The Pure Jerry and other posthumous releases have generally been very good. I love the four-CD After Midnight collection. But I have to admit, right now this has jumped to the head of the list. It's a great 2.6 hours (according to my iPod), and I can't help but give it a very, very solid 5 stars!
Keep music like this coming, please!"
"Let It Rock" definitely does!
Woolybugger | PA | 11/24/2009
(5 out of 5 stars)
"This 2-disc set is wonderful in so many ways. The sound quality and packaging are excellent (sound is far superior to the Dick's Picks series). I love all of Jerry's projects, but this line-up of the JGB is special. This line-up includes Nicky Hopkins on piano and the entire show has a raw, stripped down feel to it. Ron Tutt's drum work is impecable, John Kahn is solid as always, and Jerry plays that sweet and tender guitar we've all grown to love. The "Pig's Boogie" jam and "Roadrunner" are my favorites on the 1st disc. As the previous reviewer states, the whole package is worth buying for the last 2 songs alone. This version of "Let's Spend The Night Together" is one of the best I've ever heard. Ever since Jerry's kids have taken over the business, the Dead related releases are far more frequent, and the sound quality is much better (no offense Dick Latvala). This is must have for any Jerry Garcia fan."
Kenneth M. Goodman | Cleveland, Ohio United States | 11/30/2009
(5 out of 5 stars)
"Mr. Garcia is wonderful as ever on these CDs, playing a kind of funky psychedellic jazz/blues style that is never ever boring. But what makes Let It Rock extra special is the presence of Nicky Hopkins, who plays piano beautifully and makes a few funny comments with his striking English accent. Some of the best tracks here are the "quiet" ones, such as Sitting In Limbo, which features moments of staggering beauty. As a Grateful Dead fan, I own MANY versions of Sugaree... and the Sugaree here is very very good, thanks again to the presence of Nicky Hopkins. Road Runner is also quite fine as an extended jam, as is the fantastic title track. Of course most listeners will agree that the highest highlight are the final two tracks on CD two, being Let's Spend the Night Together, which features an 18 minute jam that reminds me, in places, of a superb Dark Star-style jam. This is directly followed by a final extended jam, Edward the Mad Shirt Grinder, which is a uniquely beautiful, bluesy, quirky and moving instrumental of deeply satisfying musicianship. It should also be mentioned that Rhino's production quality is Top Notch."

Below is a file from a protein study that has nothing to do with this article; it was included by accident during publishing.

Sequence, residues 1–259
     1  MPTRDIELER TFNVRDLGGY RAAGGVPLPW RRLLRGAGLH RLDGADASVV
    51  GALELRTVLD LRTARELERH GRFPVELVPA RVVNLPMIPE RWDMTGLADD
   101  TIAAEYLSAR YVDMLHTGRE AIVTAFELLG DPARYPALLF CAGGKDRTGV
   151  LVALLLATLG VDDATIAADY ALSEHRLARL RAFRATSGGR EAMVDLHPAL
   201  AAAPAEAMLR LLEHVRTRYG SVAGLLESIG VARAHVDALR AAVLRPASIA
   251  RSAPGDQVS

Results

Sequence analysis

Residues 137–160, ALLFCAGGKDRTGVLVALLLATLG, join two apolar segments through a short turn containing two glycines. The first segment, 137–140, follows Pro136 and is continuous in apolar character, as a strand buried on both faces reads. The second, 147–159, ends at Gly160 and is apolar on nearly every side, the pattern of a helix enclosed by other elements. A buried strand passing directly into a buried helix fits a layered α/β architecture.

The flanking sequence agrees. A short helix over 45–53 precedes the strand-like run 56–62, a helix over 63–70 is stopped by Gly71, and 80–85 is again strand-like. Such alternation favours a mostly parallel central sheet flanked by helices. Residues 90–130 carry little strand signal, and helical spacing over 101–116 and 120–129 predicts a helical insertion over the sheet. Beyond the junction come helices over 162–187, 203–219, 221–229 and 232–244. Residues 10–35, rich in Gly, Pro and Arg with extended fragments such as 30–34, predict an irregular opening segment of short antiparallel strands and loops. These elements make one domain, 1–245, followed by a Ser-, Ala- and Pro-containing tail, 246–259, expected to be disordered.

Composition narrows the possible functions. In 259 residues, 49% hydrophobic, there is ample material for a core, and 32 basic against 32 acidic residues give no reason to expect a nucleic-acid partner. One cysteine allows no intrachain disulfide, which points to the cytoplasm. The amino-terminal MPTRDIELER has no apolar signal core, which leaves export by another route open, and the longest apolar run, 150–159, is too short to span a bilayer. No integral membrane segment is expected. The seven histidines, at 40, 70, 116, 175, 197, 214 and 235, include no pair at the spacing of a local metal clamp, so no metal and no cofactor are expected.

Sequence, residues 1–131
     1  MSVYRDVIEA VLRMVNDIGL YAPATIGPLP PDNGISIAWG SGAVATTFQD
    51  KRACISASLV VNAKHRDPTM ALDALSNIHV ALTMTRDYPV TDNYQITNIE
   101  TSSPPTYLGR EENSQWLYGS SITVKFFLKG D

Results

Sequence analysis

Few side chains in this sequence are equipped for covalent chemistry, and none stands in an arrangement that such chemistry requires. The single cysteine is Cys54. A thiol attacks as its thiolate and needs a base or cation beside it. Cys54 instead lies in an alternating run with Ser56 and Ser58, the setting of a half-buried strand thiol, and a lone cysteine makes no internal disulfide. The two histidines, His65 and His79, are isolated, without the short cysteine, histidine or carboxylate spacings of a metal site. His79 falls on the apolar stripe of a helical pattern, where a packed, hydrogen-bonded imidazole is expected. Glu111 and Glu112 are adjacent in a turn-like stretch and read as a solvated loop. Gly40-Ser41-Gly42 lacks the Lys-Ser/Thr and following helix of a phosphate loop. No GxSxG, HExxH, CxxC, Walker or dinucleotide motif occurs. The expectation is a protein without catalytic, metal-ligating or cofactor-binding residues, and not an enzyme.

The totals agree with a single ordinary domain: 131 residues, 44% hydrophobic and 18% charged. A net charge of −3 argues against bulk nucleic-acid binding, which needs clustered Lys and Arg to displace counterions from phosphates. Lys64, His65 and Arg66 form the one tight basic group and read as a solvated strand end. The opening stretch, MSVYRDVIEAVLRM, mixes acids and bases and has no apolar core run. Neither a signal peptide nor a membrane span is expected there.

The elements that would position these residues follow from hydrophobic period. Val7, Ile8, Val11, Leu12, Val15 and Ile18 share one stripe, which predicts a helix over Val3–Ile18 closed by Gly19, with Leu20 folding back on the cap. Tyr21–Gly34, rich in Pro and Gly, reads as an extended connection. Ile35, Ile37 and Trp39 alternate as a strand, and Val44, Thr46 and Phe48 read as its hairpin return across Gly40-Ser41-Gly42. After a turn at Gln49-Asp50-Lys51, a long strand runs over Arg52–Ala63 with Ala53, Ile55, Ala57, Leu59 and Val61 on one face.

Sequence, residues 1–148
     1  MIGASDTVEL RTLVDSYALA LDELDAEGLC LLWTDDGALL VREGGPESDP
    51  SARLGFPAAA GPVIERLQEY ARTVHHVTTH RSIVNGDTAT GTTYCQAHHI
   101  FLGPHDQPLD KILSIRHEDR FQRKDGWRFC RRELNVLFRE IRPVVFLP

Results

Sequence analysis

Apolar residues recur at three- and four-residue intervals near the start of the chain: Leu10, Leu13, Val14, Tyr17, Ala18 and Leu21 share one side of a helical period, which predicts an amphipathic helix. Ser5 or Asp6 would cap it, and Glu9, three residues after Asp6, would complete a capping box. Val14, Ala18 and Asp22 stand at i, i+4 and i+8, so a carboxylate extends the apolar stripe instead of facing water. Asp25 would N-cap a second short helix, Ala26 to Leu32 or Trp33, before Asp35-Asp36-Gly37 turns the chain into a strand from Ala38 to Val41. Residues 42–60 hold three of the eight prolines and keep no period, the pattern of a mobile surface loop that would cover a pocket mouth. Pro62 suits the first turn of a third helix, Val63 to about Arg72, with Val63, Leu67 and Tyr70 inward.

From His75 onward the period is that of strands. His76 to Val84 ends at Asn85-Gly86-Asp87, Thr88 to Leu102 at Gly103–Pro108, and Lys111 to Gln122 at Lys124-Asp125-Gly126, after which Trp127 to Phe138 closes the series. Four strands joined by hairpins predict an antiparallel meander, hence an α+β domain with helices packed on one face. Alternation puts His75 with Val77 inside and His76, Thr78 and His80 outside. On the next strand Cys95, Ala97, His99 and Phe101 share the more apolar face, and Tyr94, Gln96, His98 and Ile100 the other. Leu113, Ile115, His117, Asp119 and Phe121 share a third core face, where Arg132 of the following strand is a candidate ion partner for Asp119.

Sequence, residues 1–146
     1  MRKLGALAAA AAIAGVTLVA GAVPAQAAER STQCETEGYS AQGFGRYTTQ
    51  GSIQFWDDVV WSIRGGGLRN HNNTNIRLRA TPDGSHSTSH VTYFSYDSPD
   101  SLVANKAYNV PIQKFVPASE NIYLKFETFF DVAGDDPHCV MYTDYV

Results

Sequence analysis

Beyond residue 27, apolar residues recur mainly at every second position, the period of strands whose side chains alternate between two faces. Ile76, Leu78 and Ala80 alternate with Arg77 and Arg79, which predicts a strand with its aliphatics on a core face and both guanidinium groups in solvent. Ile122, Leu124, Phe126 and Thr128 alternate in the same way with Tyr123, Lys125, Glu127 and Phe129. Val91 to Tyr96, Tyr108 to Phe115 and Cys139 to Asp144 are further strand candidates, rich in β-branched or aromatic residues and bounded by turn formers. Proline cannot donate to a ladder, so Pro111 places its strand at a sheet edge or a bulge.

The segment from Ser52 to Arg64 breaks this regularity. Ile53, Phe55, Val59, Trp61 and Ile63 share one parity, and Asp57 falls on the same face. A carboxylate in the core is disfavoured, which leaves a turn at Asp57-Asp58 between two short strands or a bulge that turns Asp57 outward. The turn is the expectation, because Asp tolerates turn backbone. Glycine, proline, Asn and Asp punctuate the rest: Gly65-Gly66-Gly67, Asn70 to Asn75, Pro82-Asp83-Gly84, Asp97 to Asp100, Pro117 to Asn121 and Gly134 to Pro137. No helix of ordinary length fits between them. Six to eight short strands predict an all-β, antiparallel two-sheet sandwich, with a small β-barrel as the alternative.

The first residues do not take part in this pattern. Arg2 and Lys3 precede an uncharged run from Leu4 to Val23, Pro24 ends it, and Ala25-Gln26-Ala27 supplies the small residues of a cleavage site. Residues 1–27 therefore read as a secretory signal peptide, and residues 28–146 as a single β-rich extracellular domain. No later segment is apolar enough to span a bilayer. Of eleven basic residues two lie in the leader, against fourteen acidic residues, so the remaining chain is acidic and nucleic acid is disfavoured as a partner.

Nicky Hopkins shines in this version of the JGB
J. Kuczenski | Conn. | 12/04/2009
(5 out of 5 stars)
"What was it about Nicky Hopkins that he made everything he played on so much better? And this recording of the initial, short-lived incarnation of the JGB is no exception. Great music, great sound fidelity, this is a great purchase for either hard-core GD fanatics or for the more casual Jerry Garcia fan. Only complaint; Gatefold CD case makes getting discs in and out difficult w/out them coming in contact edges of the packaging, so be careful...."
Garcia's Finest Hour(s)
Rob M. Marchese | East Lyme, CT | 03/04/2010
(5 out of 5 stars)
"With so much posthumously released product---the Dead's catalogue, the Garcia/Grisman collaborations, remastered solo Garcia, and the JGB---it's hard to imagine that there's much left in the vaults to warrant euphoria from Jerry's devotees. But there is!
The newest release, Let It Rock, finds a skeletal version of the JGB. And this foursome, with session man extraordinaire, Nicky Hopkins, playing some gorgeous piano throughout---and even a few of his own compositions---plays with such synergy and vitality that it's remarkable they only lasted a mere handful of months. The playing is focused, bright, and inspired. The rhythm section is rock solid and Garcia's guitar tone has never sounded better: at times, it somewhat suggests the thick slabs of blues Roy Buchanan was known for when he was running circles around his peers in the early 70's.
Every tune is a winner here---from the lazy groove of "Let it Rock" to the bluesy riffing of "That's What Love Will Make You Do" to the delicious funk of "I'm a Road Runner" to the gentler tones of "I'll Take A Melody" and "Sugaree." Simply put: this is eclectic, melodic, controlled, and passionate guitar playing at its best. "